This past weekend, with the help of a great team of new friends and colleagues, I collaborated to make my first piece of Virtual Reality. I attended the Unity VR Hack at the Bergen Public Library in Bergen, Norway. The event – led by Crossover Labs with expert mentoring from Unfold Collective – was a fantastic learning experience with a steep learning curve.
The weekend “hack” was an excellent opportunity to get hands-on experience while developing content for a platform that is revolutionising the media landscape. VR (a.k.a Virtual Reality) offers storytellers, developers and artists a whole new platform with which to work. Early on in our our three-day intensive workshop, we spoke about the distinction between storytelling and “storyliving”. With compelling virtual reality experiences, viewers are not just passive consumers, but they become active participants in the stories that they are immersed in. Virtual reality is a captivating environment in which to share a narrative because it opens up the possibility of an embodied and participatory experience. The best kind of VR stories are impressionistic in the sense that there may be a deep emotional impact left in the wake of the experience. VR can achieve the transference not only of an absorbing story, but of memory itself. It can confer the most intimate sense of time and space. The medium certainly holds the potential to increase our empathetic understanding. And I for one believe that empathy is a core humanistic value that needs further cultivation in this globalized yet strife-ridden world we share.
On that note, we kicked off our intensive (but limited) time together learning a bit about one another as we shared stories about the origin and meaning of our own names. We soon knew a bit about each other, and it was apparent that their was diversity of perspectives and expertise in the room. Our ranks included artists, filmmakers, scholars, writers, curators, engineers, and educators. In a “hack” experience like this one, the convergence of different people with varying kinds of talent is a key to the small team experience. It is the energy between different creative types that propelled our three day “making” experience.
We were split up into groups and offered a simple narrative prompt. Each group of 3-4 people brainstormed a story that would be enhanced in particular ways by the special affordances of the virtual reality medium. We started with a simple narrative script, we defined the interaction we wanted to achieve, we imagined the possibilities involved in art direction and sound design, and then we entered the tutorial phase of learning Unity (the VR software for this virtual reality “hack”). Crossover Labs and Unfold Collective provided a guided workshop, getting us all up and running with Unity basics, including a scripting overview and how to control game objects using components. After we learned the basics of Unity development, we also had a workshop on photogrammetry – the science of making measurements from photographs. We learned how to use a series of photographs to generate 3D models of real-world objects or scenes. We went out into the city of Bergen, took some digital photos, and with the power of Agisoft software, we transformed our local photos into sophisticated 3D models that could be used inside our Unity world-building.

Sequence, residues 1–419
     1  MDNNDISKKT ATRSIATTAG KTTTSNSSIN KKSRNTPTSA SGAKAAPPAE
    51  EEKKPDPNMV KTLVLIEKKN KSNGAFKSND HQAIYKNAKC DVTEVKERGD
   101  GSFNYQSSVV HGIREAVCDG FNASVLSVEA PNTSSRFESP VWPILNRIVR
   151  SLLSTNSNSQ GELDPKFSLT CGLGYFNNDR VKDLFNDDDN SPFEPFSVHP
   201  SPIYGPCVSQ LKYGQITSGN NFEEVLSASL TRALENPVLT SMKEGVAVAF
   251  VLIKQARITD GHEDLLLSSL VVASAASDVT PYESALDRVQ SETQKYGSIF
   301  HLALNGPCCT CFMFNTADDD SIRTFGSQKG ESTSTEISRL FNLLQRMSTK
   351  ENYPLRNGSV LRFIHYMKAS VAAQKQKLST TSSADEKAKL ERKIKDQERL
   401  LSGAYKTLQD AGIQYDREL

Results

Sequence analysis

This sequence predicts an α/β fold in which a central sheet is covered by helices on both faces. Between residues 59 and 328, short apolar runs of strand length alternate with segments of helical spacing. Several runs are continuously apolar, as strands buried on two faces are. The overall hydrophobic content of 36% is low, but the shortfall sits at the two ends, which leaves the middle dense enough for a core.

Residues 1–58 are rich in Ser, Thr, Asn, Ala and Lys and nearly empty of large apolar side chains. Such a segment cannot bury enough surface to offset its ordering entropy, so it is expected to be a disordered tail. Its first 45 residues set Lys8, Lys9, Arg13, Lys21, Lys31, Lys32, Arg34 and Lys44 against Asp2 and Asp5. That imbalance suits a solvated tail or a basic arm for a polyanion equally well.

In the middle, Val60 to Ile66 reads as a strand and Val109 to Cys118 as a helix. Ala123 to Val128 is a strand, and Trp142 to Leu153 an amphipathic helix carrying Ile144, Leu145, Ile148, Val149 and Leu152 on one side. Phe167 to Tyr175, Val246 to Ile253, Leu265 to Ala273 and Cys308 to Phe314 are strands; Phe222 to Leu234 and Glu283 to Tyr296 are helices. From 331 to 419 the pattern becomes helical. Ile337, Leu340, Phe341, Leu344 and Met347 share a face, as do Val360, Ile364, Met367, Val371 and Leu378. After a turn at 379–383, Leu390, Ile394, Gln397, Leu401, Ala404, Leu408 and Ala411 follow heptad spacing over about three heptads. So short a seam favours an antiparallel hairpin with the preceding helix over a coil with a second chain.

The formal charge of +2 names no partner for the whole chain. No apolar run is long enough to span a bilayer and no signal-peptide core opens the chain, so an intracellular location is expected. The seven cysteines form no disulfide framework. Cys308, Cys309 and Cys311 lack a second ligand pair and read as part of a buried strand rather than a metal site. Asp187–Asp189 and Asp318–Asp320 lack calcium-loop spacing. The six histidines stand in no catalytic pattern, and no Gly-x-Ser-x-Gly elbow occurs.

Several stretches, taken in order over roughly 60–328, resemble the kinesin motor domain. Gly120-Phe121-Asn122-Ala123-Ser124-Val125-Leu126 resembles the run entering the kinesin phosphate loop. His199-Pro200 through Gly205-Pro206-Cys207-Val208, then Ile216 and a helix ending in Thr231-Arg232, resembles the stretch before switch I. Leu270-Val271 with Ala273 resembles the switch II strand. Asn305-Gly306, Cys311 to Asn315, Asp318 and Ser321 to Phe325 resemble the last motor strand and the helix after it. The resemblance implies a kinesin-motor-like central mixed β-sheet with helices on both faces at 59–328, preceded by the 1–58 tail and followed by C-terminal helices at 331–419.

Besides the baptism-by-fire learning of both Unity and photogrammetry, there were many other things that I think we all learned from this special experience. We exercised new forms of project management and team building in a flash. We struggled with painful fails and heroic recuperations during the course of making together. Most importantly, we met new colleagues. We connected with each other. Certainly this opportunity will lead to new ideas and new work (both in collaboration and through the new found inspiration).
On November 2-4, 2017, the Bergen Public Library will be celebrating it’s 100th anniversary with a tribute to the past, present, and future of the library. Our VR prototypes that were made during this special VR-Hack will be a part of the “futures” exhibit that weekend. I am looking forward to sharing our efforts with the general public, as I continue to envision more ways to incorporate virtual reality into my work both as a scholar and a storyteller. In many ways, this small step has been a defining moment in envisioning new creative possibilities. My sincere thanks to everyone involved in making this happen.